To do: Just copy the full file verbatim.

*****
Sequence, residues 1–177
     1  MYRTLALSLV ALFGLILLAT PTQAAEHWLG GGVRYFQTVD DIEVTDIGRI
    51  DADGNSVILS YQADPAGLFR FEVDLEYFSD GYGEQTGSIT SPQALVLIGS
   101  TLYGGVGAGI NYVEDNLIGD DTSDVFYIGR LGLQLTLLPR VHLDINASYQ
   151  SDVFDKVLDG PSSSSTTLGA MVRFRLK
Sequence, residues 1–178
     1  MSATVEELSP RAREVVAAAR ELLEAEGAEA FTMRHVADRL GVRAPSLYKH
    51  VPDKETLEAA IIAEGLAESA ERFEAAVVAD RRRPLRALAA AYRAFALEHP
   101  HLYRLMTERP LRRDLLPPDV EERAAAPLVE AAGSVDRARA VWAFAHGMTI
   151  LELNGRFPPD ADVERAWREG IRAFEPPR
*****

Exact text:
Sequence, residues 1–177
     1  MYRTLALSLV ALFGLILLAT PTQAAEHWLG GGVRYFQTVD DIEVTDIGRI
    51  DADGNSVILS YQADPAGLFR FEVDLEYFSD GYGEQTGSIT SPQALVLIGS
   101  TLYGGVGAGI NYVEDNLIGD DTSDVFYIGR LGLQLTLLPR VHLDINASYQ
   151  SDVFDKVLDG PSSSSTTLGA MVRFRLK
Sequence, residues 1–178
     1  MSATVEELSP RAREVVAAAR ELLEAEGAEA FTMRHVADRL GVRAPSLYKH
    51  VPDKETLEAA IIAEGLAESA ERFEAAVVAD RRRPLRALAA AYRAFALEHP
   101  HLYRLMTERP LRRDLLPPDV EERAAAPLVE AAGSVDRARA VWAFAHGMTI
   151  LELNGRFPPD ADVERAWREG IRAFEPPR